Kew's iconic Temperate House re-opens - and it's worth a visit

After a five-year restoration project, the most famous glasshouse in the world will soon be open to visitors again

temperate house kew
(Image credit: RBG Kew)

Along with the Great Pagoda and The Hive, the Temperate House is one of Kew Gardens’ most iconic sights, and home to some of the world’s rarest plants, including the only specimen of Encephalartos woodii in Europe - there are no remaining plants in the wild.

Encephalartos woodii in Temperate House Kew

(Image credit: RBG Kew)

Built in 1863, the glasshouse reopens on 5 May after a five-year closure for a £15m restoration, involving 400 staff and contractors and scaffolding that would have stretched the length of the M25. The restoration has preserved the splendour of the original Victorian architecture, while updating and modernising key features to enable the building to work as a contemporary space for protecting threatened plants from around the globe.  

Looking back over the monumental restoration project, Richard Barley, Director of Horticulture at Royal Botanic Gardens, Kew, says, ‘Over the past few months, I have watched as some of the world's rarest plants finally reach their home. And what a home it will be – a glistening cathedral, the new glass allowing the sun to stream in, the ironwork restored to its glossy best. The Temperate House will be for everyone. From young to old, for budding gardeners or aspiring artists, for those making a pilgrimage from great distances, and for our local community, we hope every visitor will see plants in a new light.’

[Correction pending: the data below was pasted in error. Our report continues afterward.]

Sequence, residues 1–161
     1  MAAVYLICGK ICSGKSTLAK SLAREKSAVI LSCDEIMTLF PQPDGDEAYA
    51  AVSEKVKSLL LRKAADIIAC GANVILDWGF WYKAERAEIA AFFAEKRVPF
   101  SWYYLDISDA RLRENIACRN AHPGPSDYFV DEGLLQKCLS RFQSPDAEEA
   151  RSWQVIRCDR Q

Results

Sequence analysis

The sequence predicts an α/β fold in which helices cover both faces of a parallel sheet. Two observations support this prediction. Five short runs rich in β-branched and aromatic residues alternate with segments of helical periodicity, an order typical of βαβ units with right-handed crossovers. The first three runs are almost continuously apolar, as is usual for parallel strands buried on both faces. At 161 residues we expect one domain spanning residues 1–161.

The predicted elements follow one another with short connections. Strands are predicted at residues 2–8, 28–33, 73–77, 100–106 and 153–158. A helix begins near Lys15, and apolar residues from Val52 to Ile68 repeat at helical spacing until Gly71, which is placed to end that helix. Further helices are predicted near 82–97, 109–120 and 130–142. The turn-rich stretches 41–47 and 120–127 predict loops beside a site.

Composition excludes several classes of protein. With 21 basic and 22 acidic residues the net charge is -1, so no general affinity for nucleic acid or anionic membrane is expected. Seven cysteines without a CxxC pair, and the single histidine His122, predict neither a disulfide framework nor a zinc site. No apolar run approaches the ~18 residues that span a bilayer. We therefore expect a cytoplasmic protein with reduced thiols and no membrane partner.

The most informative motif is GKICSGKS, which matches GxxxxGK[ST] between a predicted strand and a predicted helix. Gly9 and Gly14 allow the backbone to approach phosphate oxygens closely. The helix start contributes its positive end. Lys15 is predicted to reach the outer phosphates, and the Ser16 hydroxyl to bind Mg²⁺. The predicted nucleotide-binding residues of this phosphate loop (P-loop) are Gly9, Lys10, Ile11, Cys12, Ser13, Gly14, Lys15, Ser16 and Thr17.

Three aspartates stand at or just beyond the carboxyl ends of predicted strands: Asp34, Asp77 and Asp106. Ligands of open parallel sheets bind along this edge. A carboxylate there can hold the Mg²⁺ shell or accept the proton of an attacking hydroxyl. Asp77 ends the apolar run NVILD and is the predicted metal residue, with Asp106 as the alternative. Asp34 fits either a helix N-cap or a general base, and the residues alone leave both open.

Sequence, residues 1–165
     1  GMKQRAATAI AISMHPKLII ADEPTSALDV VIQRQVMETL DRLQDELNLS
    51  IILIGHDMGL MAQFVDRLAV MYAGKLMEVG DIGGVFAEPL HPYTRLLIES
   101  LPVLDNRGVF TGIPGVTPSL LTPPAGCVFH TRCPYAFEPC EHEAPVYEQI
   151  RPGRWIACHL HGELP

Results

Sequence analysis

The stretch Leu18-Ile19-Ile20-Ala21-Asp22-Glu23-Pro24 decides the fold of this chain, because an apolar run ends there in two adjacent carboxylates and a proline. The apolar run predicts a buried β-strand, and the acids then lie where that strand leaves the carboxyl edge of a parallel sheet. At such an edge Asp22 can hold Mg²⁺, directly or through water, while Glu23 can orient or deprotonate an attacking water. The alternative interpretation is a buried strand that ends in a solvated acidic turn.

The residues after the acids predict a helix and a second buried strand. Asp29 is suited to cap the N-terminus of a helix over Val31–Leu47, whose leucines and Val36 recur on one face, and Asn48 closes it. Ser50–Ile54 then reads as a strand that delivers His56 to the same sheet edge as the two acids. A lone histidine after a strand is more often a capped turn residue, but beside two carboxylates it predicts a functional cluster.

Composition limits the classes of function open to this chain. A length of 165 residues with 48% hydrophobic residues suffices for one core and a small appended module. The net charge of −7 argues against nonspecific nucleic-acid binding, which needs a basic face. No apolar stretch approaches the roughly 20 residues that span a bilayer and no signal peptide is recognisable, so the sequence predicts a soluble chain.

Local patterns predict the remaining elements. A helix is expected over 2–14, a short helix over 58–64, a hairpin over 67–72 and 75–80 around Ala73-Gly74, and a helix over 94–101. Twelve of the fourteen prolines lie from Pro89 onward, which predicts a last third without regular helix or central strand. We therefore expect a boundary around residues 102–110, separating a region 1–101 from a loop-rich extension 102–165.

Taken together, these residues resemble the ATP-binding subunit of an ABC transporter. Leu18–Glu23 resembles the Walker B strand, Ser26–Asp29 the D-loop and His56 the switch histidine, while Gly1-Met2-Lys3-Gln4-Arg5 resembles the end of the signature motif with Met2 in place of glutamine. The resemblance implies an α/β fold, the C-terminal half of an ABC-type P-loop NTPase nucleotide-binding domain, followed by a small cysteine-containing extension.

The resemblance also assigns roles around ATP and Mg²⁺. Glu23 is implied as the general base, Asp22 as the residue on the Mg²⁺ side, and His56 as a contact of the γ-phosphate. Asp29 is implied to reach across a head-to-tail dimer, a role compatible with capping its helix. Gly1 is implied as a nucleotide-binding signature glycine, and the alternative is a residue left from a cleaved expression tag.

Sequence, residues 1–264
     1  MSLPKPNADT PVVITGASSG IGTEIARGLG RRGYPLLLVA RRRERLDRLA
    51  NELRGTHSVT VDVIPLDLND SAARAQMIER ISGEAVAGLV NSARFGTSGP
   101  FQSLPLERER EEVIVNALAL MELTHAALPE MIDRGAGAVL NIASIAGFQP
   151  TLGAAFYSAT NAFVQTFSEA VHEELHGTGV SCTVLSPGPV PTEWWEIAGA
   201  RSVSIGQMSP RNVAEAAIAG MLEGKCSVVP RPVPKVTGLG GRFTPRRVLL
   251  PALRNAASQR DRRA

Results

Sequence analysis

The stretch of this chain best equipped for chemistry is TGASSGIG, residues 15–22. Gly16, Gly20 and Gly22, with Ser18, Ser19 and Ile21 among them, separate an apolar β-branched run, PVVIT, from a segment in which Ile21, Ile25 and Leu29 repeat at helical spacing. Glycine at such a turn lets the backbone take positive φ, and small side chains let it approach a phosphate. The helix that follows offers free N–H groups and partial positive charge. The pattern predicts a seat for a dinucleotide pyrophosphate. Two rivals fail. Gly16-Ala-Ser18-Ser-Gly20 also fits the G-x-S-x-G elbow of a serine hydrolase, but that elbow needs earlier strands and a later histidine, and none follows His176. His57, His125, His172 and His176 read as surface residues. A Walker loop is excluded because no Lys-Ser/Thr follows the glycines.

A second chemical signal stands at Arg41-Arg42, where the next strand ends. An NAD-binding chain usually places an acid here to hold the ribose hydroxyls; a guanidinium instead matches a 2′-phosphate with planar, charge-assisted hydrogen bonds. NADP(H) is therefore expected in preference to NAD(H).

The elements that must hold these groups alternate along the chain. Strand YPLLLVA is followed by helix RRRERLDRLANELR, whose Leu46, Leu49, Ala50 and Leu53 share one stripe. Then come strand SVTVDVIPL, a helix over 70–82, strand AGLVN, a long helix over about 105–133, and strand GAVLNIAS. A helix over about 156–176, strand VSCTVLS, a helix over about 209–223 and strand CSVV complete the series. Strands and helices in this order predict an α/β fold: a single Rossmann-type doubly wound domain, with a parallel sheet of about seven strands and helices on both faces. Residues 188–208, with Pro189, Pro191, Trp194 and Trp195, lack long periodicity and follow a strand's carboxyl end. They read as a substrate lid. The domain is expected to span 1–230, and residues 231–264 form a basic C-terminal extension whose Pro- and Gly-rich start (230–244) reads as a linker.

apprentice watering in Kew Temperate House

(Image credit: RBG Kew)

Among the activities planned to celebrate the reopening of the Temperate House are 20-minute performances by Cirque Bijou, which will take place every weekend from Saturday 26 May to Sunday 2 September between 12-4pm, and family guided tours by Gnomus, a giant puppet who will lead a story-telling walk through the Temperate House during the school summer half term and summer holidays. The restoration project has also inspired a series of community and educational projects, including Kew Community Allotments, Apprenticeships, and Youth Explainers – trained volunteer guides aged 14-17.

For more information on special events and opening times, visit Royal Botanic Gardens, Kew.  

Karen Darlow
After a brief foray into music journalism, fashion and beauty, Karen found herself right at home working on interior magazines with her role on Ideal Home magazine. She is now Homes Editor on Period Living magazine and loves the opportunity the job gives her to see how others mix vintage style and modern furnishings in their beautiful properties.